My daughter wants to move to Canada because of Poutine.


♥ The chocolate crepes. Dear God. 

♥ And then there's the hot chocolate with fresh cream. 

♥ Beavertails which are essentially fried lardy dough stuffed with my personal favorites, peanut butter chips and hot fudge. 

I'm certain I acquired an entire layer of whale blubber, after eating my way through Quebec. 

♥ Mont Tremblant, a picturesque ski town, the one where Natasha Richardson died. But, I hate that she died there, because it is a place of happiness and light, not a place where beautiful women die in an innocuous tumble of an accident. The kind of fall that wasn't meant to kill a young wife and mother.  

That kind of awful needs to keep itself in a darker place . . . like Oregon.
Mont Tremblant is the ultimate in ski culture where the distinct smell of weed lingers in corners as the snow boarders and skiers mill about with their dogs and boards and, of course, weed. A laid back town that is just a blast of fun. 

♥ Quebec City, just a sweet, little charmer of a town. 

I call it French Light. My children learned the elegant manner of the French there, greeting everyone with a Bonjour and thanking them with a Merci Beaucoup, without all the boorish rudeness that is so much a part of the real France's culture. 

We stayed here:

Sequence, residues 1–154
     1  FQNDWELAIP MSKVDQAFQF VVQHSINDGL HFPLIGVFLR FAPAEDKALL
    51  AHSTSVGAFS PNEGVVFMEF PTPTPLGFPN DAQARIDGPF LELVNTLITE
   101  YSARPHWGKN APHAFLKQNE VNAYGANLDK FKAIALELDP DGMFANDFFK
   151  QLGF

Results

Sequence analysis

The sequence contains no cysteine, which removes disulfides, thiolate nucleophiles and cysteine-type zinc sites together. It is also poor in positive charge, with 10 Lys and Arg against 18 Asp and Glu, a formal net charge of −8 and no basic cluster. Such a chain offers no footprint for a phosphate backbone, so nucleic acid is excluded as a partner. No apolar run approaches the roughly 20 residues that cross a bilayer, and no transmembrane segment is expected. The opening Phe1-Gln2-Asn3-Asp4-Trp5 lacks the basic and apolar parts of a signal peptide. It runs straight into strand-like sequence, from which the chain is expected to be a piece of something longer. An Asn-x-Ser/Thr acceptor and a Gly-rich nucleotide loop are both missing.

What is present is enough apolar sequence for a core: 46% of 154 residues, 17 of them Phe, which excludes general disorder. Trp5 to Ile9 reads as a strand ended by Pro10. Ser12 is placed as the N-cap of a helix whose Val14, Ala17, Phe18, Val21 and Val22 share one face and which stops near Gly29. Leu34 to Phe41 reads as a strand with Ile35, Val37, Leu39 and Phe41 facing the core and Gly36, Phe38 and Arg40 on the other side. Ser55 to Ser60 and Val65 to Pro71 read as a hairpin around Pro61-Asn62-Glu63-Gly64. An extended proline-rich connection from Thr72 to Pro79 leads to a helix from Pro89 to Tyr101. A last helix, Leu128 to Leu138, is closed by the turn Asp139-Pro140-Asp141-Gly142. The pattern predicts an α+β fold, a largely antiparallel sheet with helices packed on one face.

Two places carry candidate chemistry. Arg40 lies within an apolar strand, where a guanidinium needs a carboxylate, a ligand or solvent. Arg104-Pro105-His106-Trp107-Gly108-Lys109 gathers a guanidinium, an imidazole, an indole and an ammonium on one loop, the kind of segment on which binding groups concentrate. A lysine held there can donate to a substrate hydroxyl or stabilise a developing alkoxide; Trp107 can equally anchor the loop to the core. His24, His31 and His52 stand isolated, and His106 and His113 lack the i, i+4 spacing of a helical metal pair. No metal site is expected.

♥ The Chateau Frontenac, a regal hotel that takes up almost the entire landscape of this thimble-sized city.

But, here's the most awesome of awesomeness part of this lovely hotel:


At check-in, I noticed this big beauty snuggled up on a dog bed by the concierge desk. My girls, missing their own pup, scurried over to fawn over him.

♥And that is when Santol charmed his way into our hearts.


He is called the Hotel Ambassador and his job is to make guests happy. 

He does his job admirably.

The concierge told us Santol could take a walk with us whenever we wanted and show us the sights of his fair city. 

Well, whenever we wanted, in little girl language meant every hour on the hour. It meant before Mom had her morning coffee we were racing down to the lobby to take a walk with our friend Santol. 

The concierge, gave us a quick lesson of basic dog commands in French, handed us his leash, a plastic doody bag and told us to have fun. 

That was it. 

Could you IMAGINE that scenario in the US?

Santol would be kidnapped, held for ransom and on top of it, the kidnappers would sue the hotel on the basis that Santol was there, just snoozing on his pillow for anyone to take and since the hotel didn't have him tied down or caged up, the temptation of his adorableness was just too great. The kidnappers would sue for being forced by adorableness into kidnapping.